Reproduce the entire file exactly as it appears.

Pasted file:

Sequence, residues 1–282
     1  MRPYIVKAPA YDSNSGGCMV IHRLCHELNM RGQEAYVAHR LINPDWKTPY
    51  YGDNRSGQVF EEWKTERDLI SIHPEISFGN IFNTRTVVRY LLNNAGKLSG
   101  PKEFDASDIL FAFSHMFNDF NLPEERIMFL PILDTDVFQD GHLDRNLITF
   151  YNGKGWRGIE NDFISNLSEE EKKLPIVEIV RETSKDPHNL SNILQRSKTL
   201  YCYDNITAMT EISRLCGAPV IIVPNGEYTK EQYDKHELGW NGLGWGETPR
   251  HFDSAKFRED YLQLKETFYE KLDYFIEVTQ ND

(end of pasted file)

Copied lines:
Sequence, residues 1–282
     1  MRPYIVKAPA YDSNSGGCMV IHRLCHELNM RGQEAYVAHR LINPDWKTPY
    51  YGDNRSGQVF EEWKTERDLI SIHPEISFGN IFNTRTVVRY LLNNAGKLSG
   101  PKEFDASDIL FAFSHMFNDF NLPEERIMFL PILDTDVFQD GHLDRNLITF
   151  YNGKGWRGIE NDFISNLSEE EKKLPIVEIV RETSKDPHNL SNILQRSKTL
   201  YCYDNITAMT EISRLCGAPV IIVPNGEYTK EQYDKHELGW NGLGWGETPR
   251  HFDSAKFRED YLQLKETFYE KLDYFIEVTQ ND